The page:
A tour of the West Coast of Scotland on the motorbikes. Part 2
Well here I am again with part 2 of our adventure. The second night as mentioned below, was a bit quieter, but I must admit that there was one ‘incident’ that I have to share with you all. I was sitting out in the sun with a glass of wine before dinner, and watched slightly bemused, as a bloke rolled a crate past.
I couldn’t help myself, being the shy and retiring type, but ask him how far he had to go, rolling the crate (which was nearly as big as him, and obviously heavy!) I nearly spat out my wine when he said “Oh, 3 miles. I thought it was easier doing this than going to get the Land Rover.” Right. Ok. Couldn’t say anything to that really, could I?
The next day was steaming hot again, so after a lovely omelette breakfast with Lesley – whose personal breakfast of choice is double chocolate chip cookies, we headed away – we are however going back next month, so we were not too miserable saying cheerio! I managed not to get overtaken by a pedal cyclist or knocked off my Suzuki by any mad/suicidal coos.
We snuck in a wee loop (via the Sligachan again) up the Dunvegan road. Lovely driving roads. We did meet 3 mad bikers when we stopped at the Sligachan – and met them again in Portree – what a small island it is! No doubt we will see them again when they pop into Tyndrum!! We were given the heads-up that there was a severe weather warning for the West Coast…. eek! So, hot-footed it off of Skye. Heading down toward the Lochcarron turn off, Ed doubled back, saying “I have always wanted to take this road to Plockton.” At that point, what went through my head was, I hope this doesn’t add too many miles to the route, it was after all about 26 degrees and my goretex was stuck to me already!
It is a pretty village. We had a look, and tried to find the obvious road out of the village to take the twisties to Lochcarron, and ended up having to ask a workman for the right turn off…. I know, men don’t usually do that. Why he didn’t put it into his sat nav beats me!! At this point have a biking tip – take care going on single track roads, where there is shade over the road, gravel is not the easiest thing to see!! Nearly had a skittery moment going out of Plockton. However, I dumped the clutch and survived – phew!
Eventually, after some hairy twisties, we got back onto the main road. Lochcarron was essential for fuel, we didn’t want to head up over the hill to Applecross with any doubt of there being fuel available. Now, by this time it was 5 o’clock. We wanted to be in Applecross by 5. I guess that wasn’t going to happen. We hadn’t stopped for lunch, and Ed did say when we arrived in Lochcarron that he wished we had not booked for Applecross. He was concerned that I would be tired and cranky – I was ok though, amazing what a seat in the shade and a can of Red Bull can do for you.
Stopping at the bottom of the road does make you have second thoughts. I have heard all about this road, known as the Bealach na Ba. There are all sorts of warnings at the turn off to the single track road:
Yup, the warnings were correct. First gear hair pin bends. The views however, on this gorgeous day, were truly stunning, in actual fact, when I looked up the Wikipedia link above, I thought to myself that they stole MY picture – well, Ed gets the credit for riding the bike back down the hair pin bends to get a couple of corkers:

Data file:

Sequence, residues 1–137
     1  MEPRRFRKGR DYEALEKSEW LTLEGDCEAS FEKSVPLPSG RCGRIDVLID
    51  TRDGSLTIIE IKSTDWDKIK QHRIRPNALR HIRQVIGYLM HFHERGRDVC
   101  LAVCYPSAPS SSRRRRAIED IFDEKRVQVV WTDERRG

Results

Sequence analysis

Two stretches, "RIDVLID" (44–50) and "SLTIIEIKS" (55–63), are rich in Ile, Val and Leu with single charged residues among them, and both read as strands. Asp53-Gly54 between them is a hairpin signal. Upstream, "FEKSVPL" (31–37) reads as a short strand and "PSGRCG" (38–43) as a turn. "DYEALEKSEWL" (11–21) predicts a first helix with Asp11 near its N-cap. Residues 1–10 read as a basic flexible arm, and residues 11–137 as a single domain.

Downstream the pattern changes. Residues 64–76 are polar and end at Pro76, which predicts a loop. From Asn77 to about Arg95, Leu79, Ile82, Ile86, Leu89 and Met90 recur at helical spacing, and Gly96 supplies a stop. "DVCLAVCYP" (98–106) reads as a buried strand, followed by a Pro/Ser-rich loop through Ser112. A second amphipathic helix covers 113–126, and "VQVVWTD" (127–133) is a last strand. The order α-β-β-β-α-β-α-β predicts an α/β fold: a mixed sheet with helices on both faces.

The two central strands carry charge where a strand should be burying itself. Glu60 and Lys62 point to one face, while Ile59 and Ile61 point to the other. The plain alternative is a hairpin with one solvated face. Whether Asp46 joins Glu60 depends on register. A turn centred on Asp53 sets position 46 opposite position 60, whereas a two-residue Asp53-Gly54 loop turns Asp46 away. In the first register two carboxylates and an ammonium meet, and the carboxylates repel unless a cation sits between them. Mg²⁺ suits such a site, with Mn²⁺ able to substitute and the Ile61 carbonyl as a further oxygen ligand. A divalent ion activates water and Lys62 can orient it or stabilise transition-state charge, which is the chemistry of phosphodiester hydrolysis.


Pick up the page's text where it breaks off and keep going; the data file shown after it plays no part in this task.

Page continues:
The stone ‘formations’ in this picture are right at the top of the Bealach na Ba. What is interesting, Ed had been in this very spot only the week before and they were not there!! Hmmm. The reason I have questioned if there had been Canadians up there was the similarity to the Canadian emblem for the 2010 winter Olympics.
For centuries, the Inuit people of Canada’s Arctic stacked rock in human form to create the inukshuk, a guidepost that provided direction across the vast horizons of the North (see right). The Vancouver Games will be represented by a modern interpretation of the inukshuk called Ilaanaq, the Inuit word for “friend.”
There – every day should be a school day after all! I was a bit puzzled when I saw them, and did automatically think of the inukshuk and its role in the Inuit life, however, just presumed that they had been at the top of this mountain pass for ages. Erm, not! They have sprung up in a week!
I had headed off down the hill to Applecross on my own leaving Ed doing his photography bit, it was totally breathtaking! He caught me up just as I arrived in the village.
I could not strip off my goretex fast enough when we got to our destination of the Applecross Inn. I hope I didn’t put too many folks off their beers by stripping to my shorts and (not a lot of it) vest top. Attractive? Not. Practical? Yup! We couldn’t get to the bar quick enough for a beer and a bit of shade. The lady behind the bar took one look at me in my sweaty state and asked: “Have you just run here?” Well, I found it tough enough riding a motorcycle there, never mind contemplating WALKING!!
We checked in as quickly as possible, showered, changed, back to the bar for another refreshing drink. We ordered our food with the efficient staff and wandered out side to admire the scenery. It was gob-smackingly gorgeous. I am really glad that we went there that night, and not just pass through on the way to somewhere else during the day. It was so worth it for the sunset pictures that I took with my little camera.
The food that was served up was really well received, that’s for sure! I must say it was all beautifully tasty and the staff very efficient! They are obviously very busy for the best part of the year, and looked as though they were well used to it!! I really did enjoy the Applecross experience and thank you very much Red Bull for helping me up to the top of the hill, it did give me the wings I needed.
I slept for Scotland that night! I think I made it beyond 10pm. Mind you, maybe not. Zzzzzzz 🙂